This document from the BMJ suggests a number of approaches for treatment, including diet, drugs and Gastro Electrical Stimulation.

Other diet related suggestions include:

  • Eat smaller meals more frequently
  • Chew food thoroughly
  • Eat well-cooked fruits and vegetables rather than raw fruits and vegetables
  • Avoid fibrous fruits and vegetables, such as oranges and broccoli, which may cause bezoars
  • Choose mostly low-fat foods, but if you can tolerate them, add small servings of fatty foods to your diet
  • If liquids are easier for you to swallow, try soups and pureed foods
  • Drink water throughout each meal
  • Exercise gently after you eat, such as going for a walk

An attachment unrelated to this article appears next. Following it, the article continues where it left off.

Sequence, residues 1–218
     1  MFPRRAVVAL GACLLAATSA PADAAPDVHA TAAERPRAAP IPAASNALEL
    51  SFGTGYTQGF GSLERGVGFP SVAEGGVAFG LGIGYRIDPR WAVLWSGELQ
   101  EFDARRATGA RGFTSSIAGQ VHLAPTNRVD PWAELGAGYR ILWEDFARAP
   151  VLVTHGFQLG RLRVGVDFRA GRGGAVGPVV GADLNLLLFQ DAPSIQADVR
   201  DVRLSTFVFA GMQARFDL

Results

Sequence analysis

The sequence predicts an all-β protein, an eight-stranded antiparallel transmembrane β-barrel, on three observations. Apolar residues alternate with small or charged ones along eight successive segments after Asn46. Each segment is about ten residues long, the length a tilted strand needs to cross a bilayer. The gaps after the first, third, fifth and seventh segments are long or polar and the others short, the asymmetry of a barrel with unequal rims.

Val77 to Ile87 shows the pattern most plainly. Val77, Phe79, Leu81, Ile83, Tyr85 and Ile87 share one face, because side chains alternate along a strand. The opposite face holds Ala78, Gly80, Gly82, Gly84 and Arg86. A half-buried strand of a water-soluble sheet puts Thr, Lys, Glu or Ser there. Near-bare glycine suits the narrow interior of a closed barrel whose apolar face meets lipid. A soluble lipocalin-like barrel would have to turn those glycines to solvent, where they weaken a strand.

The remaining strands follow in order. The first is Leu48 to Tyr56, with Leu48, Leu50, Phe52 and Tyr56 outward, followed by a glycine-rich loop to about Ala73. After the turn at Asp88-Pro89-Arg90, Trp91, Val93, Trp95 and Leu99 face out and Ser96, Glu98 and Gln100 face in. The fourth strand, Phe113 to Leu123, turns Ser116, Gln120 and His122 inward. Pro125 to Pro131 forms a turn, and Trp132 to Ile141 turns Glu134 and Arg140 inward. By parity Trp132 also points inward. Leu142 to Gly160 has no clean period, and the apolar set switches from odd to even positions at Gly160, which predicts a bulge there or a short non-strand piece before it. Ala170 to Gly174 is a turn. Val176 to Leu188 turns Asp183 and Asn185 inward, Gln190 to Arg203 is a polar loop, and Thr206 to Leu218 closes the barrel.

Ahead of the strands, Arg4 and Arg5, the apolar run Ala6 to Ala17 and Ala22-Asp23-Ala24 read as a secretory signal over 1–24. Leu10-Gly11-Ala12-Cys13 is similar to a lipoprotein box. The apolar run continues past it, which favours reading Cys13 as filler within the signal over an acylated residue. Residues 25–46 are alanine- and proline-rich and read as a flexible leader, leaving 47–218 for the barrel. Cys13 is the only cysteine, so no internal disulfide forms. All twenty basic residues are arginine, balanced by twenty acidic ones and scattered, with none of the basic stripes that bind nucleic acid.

• Avoid carbonated drinks, alcohol and smoking

There are also some drugs that can be taken, but they seem to have limited success, in fact the most successful treatment seems to be Gastro Electrical Stimulation, however the last look at this from NICE was in 2004. Since then, the Scottish Healthcare system has looked at it, and this overview suggests that as a resolution for Gastro, it is very successful. I’d suggest that getting hold of it would be more difficult.

In any case, slow gastric transit is a very real problem for an awful lot of diabetics. Equally, it is unseen and hard to diagnose. It may not be so bad as to require a feeding tube, however, it can have a significantly detrimental affect on a sufferer’s life. Just read the Ninjabetic’s blog to see how bad, and consider, if you feel the symptoms of dyspepsia, it may be the initial signs of something else. If it persists, get it checked out properly. Just don’t expect anything to happen quickly!

*Taken from Digestive Distress